On 2 December 2015, the Supreme Court delivered its much anticipated judgment in Marks and Spencer plc v BNP Paribas Securities Services Trust Company (Jersey) Ltd and another  UKSC 72. Following on from our discussions in two previous editions of the Bulletin, the Supreme Court upheld the Court of Appeal’s decision that it was not appropriate to imply a term into the lease entitling the tenant to a refund of the rents it had paid in advance in respect of the period after the break date.
Prior to the High Court decision in this case, it was well established law that if the break date was in the middle of a rental period, a tenant would not be entitled to recover any rent paid in advance in respect of the period after the break date unless the lease made express provision for this.
However, the tenant successfully argued before the High Court that there should be an implied term in its lease giving rise to a right to recover rents paid in advance following the exercise of a break clause in respect of the period between the break date and the end of the relevant quarter. The judge was influenced by the fact that the tenant was required to pay a substantial premium as a condition of it exercising the break option. He felt this was a clear indication that the parties had not intended for the landlord to also reap the benefit of the rents paid in respect of the period after the break date.
The landlord appealed and the Court of Appeal unanimously overturned the first instance decision, rejecting the suggestion that the right to recover the apportioned part of the quarter’s rent should be implied into the lease.
The Supreme Court has also now found in favour of the landlord, dismissing the tenant’s appeal of the Court of Appeal’s decision. It upheld the Court of Appeal’s decision that it was not appropriate to imply a term into the lease entitling the tenant to a refund of the rents it had paid in advance on the grounds that such a term was not necessary to make the contract workable.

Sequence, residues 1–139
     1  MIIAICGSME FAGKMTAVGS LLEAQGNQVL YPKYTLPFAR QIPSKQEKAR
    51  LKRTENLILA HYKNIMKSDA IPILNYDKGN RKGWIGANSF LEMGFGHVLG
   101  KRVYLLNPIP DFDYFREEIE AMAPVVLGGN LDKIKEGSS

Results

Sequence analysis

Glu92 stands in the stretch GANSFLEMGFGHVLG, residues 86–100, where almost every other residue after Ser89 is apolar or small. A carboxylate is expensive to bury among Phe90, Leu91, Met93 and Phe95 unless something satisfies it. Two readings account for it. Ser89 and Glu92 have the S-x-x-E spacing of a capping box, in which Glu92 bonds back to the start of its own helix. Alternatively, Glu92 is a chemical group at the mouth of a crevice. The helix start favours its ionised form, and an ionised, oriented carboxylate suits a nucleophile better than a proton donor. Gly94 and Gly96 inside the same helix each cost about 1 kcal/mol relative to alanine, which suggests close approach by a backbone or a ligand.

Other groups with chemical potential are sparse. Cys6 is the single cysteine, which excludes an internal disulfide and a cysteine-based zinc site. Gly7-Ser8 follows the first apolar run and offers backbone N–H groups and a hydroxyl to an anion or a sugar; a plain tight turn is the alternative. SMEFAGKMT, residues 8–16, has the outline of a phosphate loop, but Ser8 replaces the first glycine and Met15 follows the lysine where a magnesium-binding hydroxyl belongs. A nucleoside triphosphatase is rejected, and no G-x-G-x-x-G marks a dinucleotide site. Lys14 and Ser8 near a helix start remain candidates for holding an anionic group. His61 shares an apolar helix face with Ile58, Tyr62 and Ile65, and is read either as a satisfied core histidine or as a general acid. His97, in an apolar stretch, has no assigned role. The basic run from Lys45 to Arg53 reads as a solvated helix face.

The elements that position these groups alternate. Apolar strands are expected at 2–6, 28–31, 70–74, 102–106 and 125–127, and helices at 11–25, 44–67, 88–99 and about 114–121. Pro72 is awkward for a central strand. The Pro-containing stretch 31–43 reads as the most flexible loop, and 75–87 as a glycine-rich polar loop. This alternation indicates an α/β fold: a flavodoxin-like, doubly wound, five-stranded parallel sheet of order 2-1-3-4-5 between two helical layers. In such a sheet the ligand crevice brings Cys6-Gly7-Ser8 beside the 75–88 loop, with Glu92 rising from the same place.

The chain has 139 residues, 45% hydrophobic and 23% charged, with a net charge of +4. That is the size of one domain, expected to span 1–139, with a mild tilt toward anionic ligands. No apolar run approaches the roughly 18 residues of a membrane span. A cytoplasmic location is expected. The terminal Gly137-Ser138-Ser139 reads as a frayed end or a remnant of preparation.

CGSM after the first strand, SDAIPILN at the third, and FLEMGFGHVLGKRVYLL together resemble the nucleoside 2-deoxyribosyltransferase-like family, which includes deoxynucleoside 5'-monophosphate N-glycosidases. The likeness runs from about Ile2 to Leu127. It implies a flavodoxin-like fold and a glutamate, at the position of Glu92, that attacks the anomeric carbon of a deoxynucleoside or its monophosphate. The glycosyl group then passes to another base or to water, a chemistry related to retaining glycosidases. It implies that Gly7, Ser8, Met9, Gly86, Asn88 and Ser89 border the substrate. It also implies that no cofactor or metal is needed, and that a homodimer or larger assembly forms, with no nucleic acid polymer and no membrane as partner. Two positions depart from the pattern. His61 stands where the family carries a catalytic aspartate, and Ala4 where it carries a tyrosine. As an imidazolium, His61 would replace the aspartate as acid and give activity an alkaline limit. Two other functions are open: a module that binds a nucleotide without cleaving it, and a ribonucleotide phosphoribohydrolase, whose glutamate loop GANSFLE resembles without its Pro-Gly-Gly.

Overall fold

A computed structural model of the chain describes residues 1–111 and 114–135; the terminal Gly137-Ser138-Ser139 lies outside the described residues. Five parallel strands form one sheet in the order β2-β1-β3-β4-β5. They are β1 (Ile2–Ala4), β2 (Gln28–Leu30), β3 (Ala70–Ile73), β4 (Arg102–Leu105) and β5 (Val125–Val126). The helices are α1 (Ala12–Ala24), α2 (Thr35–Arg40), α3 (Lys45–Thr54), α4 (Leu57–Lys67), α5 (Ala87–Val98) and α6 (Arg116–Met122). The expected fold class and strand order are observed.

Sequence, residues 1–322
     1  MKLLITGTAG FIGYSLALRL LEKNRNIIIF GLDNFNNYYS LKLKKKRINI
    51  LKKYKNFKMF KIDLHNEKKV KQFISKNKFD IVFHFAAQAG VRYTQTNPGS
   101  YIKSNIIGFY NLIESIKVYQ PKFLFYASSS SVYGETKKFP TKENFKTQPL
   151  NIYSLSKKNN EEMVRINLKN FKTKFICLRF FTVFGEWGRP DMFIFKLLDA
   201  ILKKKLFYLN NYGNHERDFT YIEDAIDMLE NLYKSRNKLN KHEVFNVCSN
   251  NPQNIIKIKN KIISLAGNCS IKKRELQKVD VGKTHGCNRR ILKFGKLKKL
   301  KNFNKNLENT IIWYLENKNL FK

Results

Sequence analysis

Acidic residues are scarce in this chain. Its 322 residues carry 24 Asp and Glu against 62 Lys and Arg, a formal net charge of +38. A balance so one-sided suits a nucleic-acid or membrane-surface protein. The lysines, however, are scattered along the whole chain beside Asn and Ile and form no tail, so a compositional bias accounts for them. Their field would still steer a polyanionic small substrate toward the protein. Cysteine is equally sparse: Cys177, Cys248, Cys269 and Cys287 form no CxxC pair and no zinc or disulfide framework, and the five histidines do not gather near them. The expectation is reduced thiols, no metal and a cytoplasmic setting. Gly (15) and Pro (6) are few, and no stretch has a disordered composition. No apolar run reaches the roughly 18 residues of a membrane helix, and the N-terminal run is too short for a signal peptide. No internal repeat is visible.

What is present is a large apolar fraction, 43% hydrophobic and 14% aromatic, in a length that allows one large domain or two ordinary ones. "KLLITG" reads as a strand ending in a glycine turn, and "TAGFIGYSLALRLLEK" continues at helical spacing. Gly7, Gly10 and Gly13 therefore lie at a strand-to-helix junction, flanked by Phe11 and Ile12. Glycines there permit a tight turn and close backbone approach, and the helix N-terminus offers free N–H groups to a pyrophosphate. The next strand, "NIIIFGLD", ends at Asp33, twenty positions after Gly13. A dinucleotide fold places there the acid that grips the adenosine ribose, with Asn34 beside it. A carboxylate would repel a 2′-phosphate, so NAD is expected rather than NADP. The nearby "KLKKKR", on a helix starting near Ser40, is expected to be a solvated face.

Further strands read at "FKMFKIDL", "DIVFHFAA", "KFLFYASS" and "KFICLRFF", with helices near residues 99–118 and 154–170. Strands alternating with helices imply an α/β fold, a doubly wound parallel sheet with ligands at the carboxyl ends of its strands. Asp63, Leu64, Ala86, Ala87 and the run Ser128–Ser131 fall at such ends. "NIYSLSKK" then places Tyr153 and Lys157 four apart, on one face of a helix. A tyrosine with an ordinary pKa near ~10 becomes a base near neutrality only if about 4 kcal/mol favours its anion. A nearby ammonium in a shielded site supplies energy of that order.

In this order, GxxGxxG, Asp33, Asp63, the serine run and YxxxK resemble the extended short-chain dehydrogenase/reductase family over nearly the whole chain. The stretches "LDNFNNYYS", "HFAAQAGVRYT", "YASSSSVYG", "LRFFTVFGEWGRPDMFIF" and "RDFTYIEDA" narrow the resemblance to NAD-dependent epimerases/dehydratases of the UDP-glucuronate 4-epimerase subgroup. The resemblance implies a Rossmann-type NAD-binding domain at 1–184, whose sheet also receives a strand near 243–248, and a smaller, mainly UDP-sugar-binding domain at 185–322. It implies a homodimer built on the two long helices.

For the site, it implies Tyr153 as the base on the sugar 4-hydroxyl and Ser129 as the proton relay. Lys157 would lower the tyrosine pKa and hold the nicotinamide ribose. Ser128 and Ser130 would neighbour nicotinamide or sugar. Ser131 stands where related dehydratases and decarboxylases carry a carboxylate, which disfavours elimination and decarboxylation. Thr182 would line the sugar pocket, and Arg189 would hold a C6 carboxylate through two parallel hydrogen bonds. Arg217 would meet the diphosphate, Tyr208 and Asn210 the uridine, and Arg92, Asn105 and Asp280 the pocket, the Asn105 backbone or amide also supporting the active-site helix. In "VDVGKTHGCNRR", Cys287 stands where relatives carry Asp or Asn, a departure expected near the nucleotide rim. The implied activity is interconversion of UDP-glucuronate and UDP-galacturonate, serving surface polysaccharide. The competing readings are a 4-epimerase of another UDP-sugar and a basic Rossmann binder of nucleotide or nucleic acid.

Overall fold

The Supreme Court took the opportunity to clarify the law on implied terms – essentially, in order for a term to be implied into a contract, it must be either necessary for business efficacy or be so obvious that it goes without saying. The Supreme Court placed significance in this case on the fact that the terms of the lease were very full, professionally drafted and had been carefully considered between the parties. Lord Neuberger, giving the leading judgment, also confirmed that he was satisfied that the long-standing Court of Appeal decision in Ellis v Rowbotham  that the Apportionment Act 1870 does not apply to rent payable in advance should be approved.
The judgment will be welcomed by landlords who will be once more reassured that, save in very exceptional circumstances (for example, where the contract could not work or would lead to an absurdity), a tenant will only be entitled to a refund of rents paid in advance in respect of a period after a break date if the lease expressly makes provision for this.
As a result of this decision, prudent tenants will continue to ensure that an express right to recover the apportioned part of the quarter’s rent is included in a break clause in a new lease (although landlords in a strong bargaining position may well seek to resist this). Alternatively, tenants should try to agree a break date falling immediately before the rent payment date to avoid an overpayment. For older leases which do not include such provisions, this judgment provides some certainty for the parties and should deter tenants from raising such disputes in the future.